Growers were surveyed on their awareness of and confidence in the Advisory. Of the growers surveyed, those who had not heard or read about the SCR Advisory dropped from 37 percent to 12 percent between 2003 and 2004. For the same period, growers who had heard or read about the Advisory two to five times grew from 45 percent to 63 percent. Those who consider the Advisory effective for managing SCR also increased—from 40 percent to 63 percent. And by 2004, growers who said the use of the SCR Advisory contributed to their using less pesticide had grown to 27 percent.

With the exception of Edgecombe County, where insecticides generally are not used for SCR control, 76 percent of the growers said they intended to use the SCR Advisory next year. This willingness to use the Advisory in the future was the most important indicator of its value and the success of the project. It shows that the vast majority of participating growers are willing to consider field information in making decisions whether to use an insecticide.

The Agents and a great majority of growers considered the Advisory a sound tool for assessing insecticide and potentially cutting input costs.

The Extension Agents were asked if the project's approach to working with growers was effective. The uniform response was "yes." According to the agents, the opportunity to work directly with growers was particularly effective, as indicated by their comments:

"This had to be a hands-on, on-the-farm project to show growers that the Advisory works."

"Sometimes it's just better to talk with people face-to-face and put the Advisory in their hands. Meetings and newsletters are just not the same as saying, ‘Let's look at your fields and use the Advisory and see where your fields fall.’ This approach involved the agent on a one-on-one basis and I think that's the way to go: It was good, gave us options for getting us involved as we felt necessary. The project did more than just putting information out there and just letting growers use it if they wanted."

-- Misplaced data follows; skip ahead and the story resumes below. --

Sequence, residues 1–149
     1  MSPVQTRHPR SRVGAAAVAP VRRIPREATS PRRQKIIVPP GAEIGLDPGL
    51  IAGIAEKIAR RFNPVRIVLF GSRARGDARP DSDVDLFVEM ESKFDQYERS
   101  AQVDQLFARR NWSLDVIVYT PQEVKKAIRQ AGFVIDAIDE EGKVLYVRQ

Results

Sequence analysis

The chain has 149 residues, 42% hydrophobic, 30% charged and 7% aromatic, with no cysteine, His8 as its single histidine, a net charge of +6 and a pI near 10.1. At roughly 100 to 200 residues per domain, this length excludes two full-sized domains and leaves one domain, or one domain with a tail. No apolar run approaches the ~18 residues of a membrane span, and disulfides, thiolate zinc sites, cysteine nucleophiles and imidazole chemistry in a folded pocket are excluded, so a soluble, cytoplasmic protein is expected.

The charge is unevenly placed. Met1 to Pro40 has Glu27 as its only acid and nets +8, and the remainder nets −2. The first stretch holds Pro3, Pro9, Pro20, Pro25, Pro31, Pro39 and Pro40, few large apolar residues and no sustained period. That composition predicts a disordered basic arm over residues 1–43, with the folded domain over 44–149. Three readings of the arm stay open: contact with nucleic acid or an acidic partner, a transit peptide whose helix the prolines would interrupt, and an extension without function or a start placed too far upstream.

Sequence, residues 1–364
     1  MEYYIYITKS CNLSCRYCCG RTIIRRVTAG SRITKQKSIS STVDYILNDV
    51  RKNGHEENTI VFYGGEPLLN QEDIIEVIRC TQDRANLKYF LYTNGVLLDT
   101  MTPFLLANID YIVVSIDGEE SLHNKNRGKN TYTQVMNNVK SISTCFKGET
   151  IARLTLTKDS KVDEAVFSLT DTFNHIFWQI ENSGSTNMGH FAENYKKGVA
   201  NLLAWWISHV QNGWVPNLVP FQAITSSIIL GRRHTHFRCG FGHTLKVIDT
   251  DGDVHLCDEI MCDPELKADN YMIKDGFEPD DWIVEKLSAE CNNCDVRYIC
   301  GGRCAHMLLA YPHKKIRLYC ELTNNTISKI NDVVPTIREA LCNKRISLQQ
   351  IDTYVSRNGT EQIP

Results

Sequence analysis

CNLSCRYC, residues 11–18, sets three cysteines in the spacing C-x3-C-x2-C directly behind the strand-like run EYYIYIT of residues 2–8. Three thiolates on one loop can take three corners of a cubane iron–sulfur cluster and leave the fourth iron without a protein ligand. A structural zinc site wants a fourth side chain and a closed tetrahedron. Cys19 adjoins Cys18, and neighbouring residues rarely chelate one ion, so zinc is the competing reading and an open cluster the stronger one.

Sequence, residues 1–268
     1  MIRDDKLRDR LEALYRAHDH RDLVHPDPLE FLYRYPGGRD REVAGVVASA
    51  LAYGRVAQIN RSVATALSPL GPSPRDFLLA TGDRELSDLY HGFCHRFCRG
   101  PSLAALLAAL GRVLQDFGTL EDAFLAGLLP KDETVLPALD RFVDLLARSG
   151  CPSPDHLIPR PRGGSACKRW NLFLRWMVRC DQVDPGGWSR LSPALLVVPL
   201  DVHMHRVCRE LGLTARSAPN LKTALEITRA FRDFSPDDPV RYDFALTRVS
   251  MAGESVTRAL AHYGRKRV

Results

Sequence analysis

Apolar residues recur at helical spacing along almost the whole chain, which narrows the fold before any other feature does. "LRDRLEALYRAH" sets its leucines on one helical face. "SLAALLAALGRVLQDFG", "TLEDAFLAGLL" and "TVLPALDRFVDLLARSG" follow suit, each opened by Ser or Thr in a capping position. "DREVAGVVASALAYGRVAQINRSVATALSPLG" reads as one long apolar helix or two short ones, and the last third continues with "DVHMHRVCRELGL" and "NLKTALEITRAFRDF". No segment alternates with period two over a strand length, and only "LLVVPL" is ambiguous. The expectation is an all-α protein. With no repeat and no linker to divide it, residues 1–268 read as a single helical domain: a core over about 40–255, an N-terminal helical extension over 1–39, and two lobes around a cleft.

Awareness and acceptance to the Advisory clearly increased during the project. This was driven by the innovative marketing-oriented approach of targeting Extension agents, who influence adoption through individual contact with growers.

In applying less pesticide than in previous years, growers had made more sophisticated decisions based on scientific observations. This is a significant step forward. What’s more, the confidence of the agents provides a solid long-term basis for extending grower use in coming years.

Overall, the approach has significant potential for increasing adoption of practices that help reduce environmental risks.

Poster of Peanut PestsFor more information, contact

  • Dr. Mike Linker
  • CALS IPM Coordinator
  • Crop Science Department
  • North Carolina State University
  • Box 7620, Raleigh, NC 27695-7620
  • (919) 515-5644 phone
  • (919) 515-5315 fax

Link for the full report in PDF format:

Visit this website, created by Virginia Tech, to view a web-based version of the risk index

Peanut Farm


  • North Carolina State University
  • Virginia Tech
  • Independent crop consultants
  • Peanut farmers in North Carolina and Virginia